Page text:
So what to make of this gradual vanishing act? Is Johansson simply challenging herself with roles that compartmentalize her talents? Possibly. But there is also a strongly feminist streak running through each of these films. Considering her on-the-record statements about Hollywood’s objectification of women, we might be meant to read her recent work as a unique and powerful statement about an industry and society that make its women disappear.

This is exactly what happens to most of Johansson’s recent characters: they get compartmentalized. In each of the films listed above, she plays a woman who society has assigned a singular goal of serving men. Their journey is to transcend that purpose, and the process is often painful.

By discarding her physical form in Her and her magnetic charisma in Under the Skin and Lucy, Johansson is confronting audiences with the ways that our society refuses to embrace women in their entireties.

If you have been noticing a vaguely feminist undertone to Scarlett Johansson’s recent films, you’re not alone - I have too, and so has Noah Gittell at the Atlantic

Here’s an article about it that discusses their interesting link: in them, some aspect of her person is erased, negated or disregarded before she eventually morphs beyond it to surpass the men who would limit her. Cooooooool.

Because who could blame you if you were? It’s got to be frustrating for you that one of the hottest, most influential rappers in the game right now is a woman. Nicki Minaj is talented, focused, and has turned herself into a global brand since you were nice enough to let her into a party about a decade ago. She’s not just an artist anymore, she’s a fragrance, she’s a lipstick, she’s a nail polish, she’s a daytime talk show meme—she’s built herself an empire of glamor and female empowerment. And in doing so, she’s in full control of her image and public perception. Truth be told, she doesn’t really need you or AllHipHop anymore, not when she’s got Instagram. That’s got to sting.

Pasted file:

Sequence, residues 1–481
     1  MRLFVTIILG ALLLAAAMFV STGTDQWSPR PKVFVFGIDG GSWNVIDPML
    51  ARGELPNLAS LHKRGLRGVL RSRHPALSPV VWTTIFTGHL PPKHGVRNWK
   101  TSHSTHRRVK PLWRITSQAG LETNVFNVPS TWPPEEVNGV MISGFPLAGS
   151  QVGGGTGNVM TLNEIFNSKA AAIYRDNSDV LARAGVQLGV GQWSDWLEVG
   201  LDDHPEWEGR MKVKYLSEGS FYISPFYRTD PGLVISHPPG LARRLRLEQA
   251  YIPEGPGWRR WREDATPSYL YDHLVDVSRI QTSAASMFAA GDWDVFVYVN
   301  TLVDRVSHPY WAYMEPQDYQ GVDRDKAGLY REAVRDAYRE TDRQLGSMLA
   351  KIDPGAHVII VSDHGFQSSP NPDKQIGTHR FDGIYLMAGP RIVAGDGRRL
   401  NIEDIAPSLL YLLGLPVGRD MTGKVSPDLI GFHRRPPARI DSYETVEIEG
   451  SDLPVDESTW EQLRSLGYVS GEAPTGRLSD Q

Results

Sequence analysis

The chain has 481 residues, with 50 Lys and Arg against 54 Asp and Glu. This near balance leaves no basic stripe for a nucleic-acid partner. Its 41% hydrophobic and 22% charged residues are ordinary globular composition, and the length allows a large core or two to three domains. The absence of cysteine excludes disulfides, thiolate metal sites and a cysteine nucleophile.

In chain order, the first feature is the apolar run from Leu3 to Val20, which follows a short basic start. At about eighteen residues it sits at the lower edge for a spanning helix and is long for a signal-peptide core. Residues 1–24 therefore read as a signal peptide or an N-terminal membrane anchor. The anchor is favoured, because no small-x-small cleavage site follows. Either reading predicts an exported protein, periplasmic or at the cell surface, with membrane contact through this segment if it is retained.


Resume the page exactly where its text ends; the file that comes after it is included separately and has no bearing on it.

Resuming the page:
Here’s the thing, though. When my imaginary daughter became a teenager, I’d stick her in a room and let her listen to nothing BUT Nicki Minaj. I would make her listen to Nicki Minaj growling, over and over, “I’m a motherfucking monster,” until she gets that it is perfectly okay, and in fact celebrated, to grow up as a woman who understands she owes nothing to any man. 

You don’t want your daughter to see that album art? Man, I don’t want my daughter to grow up in a world with dudes who aren’t comfortable looking at a woman’s ass in public and understanding that it might not be there for them.

People often lament, and Chuck what’s-his-name is no exception, that Nicki Minaj has not been the second coming of Lauryn Hill. Because like, a woman can only have a brain in one way. Nicki Minaj has never been aiming at any kind of Lauryn Hill throne. She can cover herself head-to-toe in exclusively Nicki Minaj-branded items before she leaves the house to go throw down a show-stopping verse. I’m not pitting her against Lauryn Hill in any way, because it’s not a competition to see which kind of women have the right to succeed. I’m saying that from the beginning, Nicki Minaj was trying to be a whole different thing. She has built an empire specifically so that she can be completely in control of her own image, in charge of her own brand. Because as a woman in the entertainment industry, that is more than self-preservation. That is a requirement. What could possibly be worse than letting my daughter look up to a young woman, sitting at the top of a billion dollar empire, completely in control of her own image and her expressions of her sexuality? Letting her listen to her daddy tell her that she might not become the kind of woman he wants her to be if she looks up to a woman like that - a self-possessed, smart business women like Nick Minaj.